Petitioner telephoned Watson on June 20, 2001, and told her that he had found canceled checks for the telecommunication expenses. Watson then agreed to withhold a decision on whether the filing of a lien was proper until respondent's examination division reviewed petitioners' telecommunication expense deductions for the years in issue. Watson incorrectly told petitioner on June 26, 2001, that petitioners' file would be sent to the examination division in Melbourne, Florida. Instead, it was sent to PSP, an internal address of respondent not further identified in the record.
On November 5, 2001, petitioner asked Watson to expedite consideration of petitioners' case because the lien was hurting his credit. Petitioner told Watson that he could not obtain a car loan while their case was pending. Watson told petitioner that petitioners' file was supposed to be in Melbourne and that she had been unable to find it. Petitioner brought records to Watson on November 7, 2001, but personnel in respondent's Melbourne examination division could not work on petitioners' case because they did not have petitioners' file. Watson began looking for petitioners' file on November 7, 2001. Watson learned that Arthur Washburn (Washburn), an employee of respondent in PSP, had signed a transmittal document for petitioners' file. Watson called Washburn, and he found petitioners' file on November 7, 2001.
Petitioner called Watson on November 7, 2001, to ask her to give him a statement that respondent was trying to resolve his case.
Washburn delivered the file to Watson on November 8, 2001. On that day, Watson called respondent's examination division and asked for an expedited audit of petitioners' returns when she received them. Watson did not work on petitioners' case during unspecified dates between November 9, 2001, and January 17, 2002, because she was busy working on cases calendared for trial that month and because she took annual leave that she would otherwise have lost. Watson received petitioners' original and amended returns from an employee of respondent on December 5, 2001.
Watson resumed working on petitioners' case on January 17, 2002. On January 24, 2002, using some of the checks petitioner had provided, Watson showed him that the amounts that petitioners had reported on their original returns for telecommunications expenses were correct. Petitioner agreed that Watson was correct.
Watson told petitioner that petitioners must pay taxes they owed to remove the lien. On January 24, 2002, petitioner told Watson that petitioners wanted to file an offer in compromise because they did not have enough money to pay the tax and interest. Watson told petitioners that they needed to file returns for 2000 and 2001 that had not been filed. Watson sent offer in compromise forms to petitioners, closed the case on January 24, 2002, and so informed petitioners.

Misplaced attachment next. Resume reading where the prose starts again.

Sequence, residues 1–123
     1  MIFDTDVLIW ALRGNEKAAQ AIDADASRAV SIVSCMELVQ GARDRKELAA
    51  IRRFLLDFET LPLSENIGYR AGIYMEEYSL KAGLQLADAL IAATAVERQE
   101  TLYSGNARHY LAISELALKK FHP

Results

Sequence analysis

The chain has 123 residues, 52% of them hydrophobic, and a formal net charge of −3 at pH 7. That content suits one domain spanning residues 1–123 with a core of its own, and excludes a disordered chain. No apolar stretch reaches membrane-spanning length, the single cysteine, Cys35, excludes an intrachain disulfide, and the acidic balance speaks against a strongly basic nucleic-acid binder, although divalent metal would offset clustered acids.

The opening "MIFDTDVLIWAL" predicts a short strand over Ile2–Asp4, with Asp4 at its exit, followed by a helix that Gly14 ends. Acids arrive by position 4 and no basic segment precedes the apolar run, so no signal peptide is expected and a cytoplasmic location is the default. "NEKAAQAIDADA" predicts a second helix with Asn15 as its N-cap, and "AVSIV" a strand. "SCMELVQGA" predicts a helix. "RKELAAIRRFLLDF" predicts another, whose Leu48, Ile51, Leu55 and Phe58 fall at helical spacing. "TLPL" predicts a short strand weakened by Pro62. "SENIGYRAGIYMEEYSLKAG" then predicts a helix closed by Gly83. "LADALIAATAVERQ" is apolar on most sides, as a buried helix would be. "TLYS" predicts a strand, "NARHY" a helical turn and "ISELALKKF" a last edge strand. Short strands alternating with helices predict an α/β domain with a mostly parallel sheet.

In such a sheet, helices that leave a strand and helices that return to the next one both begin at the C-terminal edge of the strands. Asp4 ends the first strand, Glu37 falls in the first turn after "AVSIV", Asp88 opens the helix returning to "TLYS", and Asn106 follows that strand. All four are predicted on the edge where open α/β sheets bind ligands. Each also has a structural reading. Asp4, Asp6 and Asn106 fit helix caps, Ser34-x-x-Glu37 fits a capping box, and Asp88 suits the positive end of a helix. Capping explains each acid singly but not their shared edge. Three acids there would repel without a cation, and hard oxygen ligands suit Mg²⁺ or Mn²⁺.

Petitioners submitted an offer in compromise on May 24, 2002. In it, petitioners did not check the box to indicate whether the offer was on account of doubt as to liability or as to collectibility and did not state an amount to settle their case. Respondent returned the offer in compromise because petitioners had not filed their 2000 or 2001 return.
Petitioners submitted another offer in compromise on June 3, 2002, in which they offered to pay $850 to satisfy their liabilities for the years in issue. They also submitted a Form 433-B for their business in which they separated petitioner's personal income and gross business receipts. Petitioners did not check the box on the form to indicate whether the offer was on account of doubt as to liability or as to collectibility.
3. The Taxpayer Advocate Service
On June 10, 2002, petitioners wrote to respondent's Taxpayer Advocate Service office in Jacksonville, Florida, and asked it to expedite the processing of their offer in compromise and to release the lien. Petitioners wanted their offer in compromise to be considered by an office near their home. On June 13, 2002, Diane Wilkes (Wilkes), an employee in respondent's Taxpayer Advocate Service office, wrote to petitioners to tell them that she was working on their case and would contact them by June 28, 2002.
Around June 17, 2002, Wilkes asked petitioner to provide letters from his creditors stating that they would not sell products to him because of the tax lien. On June 18, 2002, Wilkes spoke to Watson, who said that petitioners' case had not been released from Appeals as required to begin processing petitioners' offer in compromise and that she would check to see what had to be done to release it. Watson called Wilkes later that day and said that she had been unable to identify who to contact to release petitioners' case from Appeals.
Petitioner called Wilkes on June 18, 2002, and asked what her office could do for petitioners. Wilkes told petitioner she could monitor the processing of petitioners' offer in compromise, which normally takes 6 to 12 months. Wilkes also told petitioner that only respondent's collections office could release the tax lien. Wilkes told petitioner that he had 2 weeks to send letters to her from his creditors stating that they would not do business with him because of the tax lien.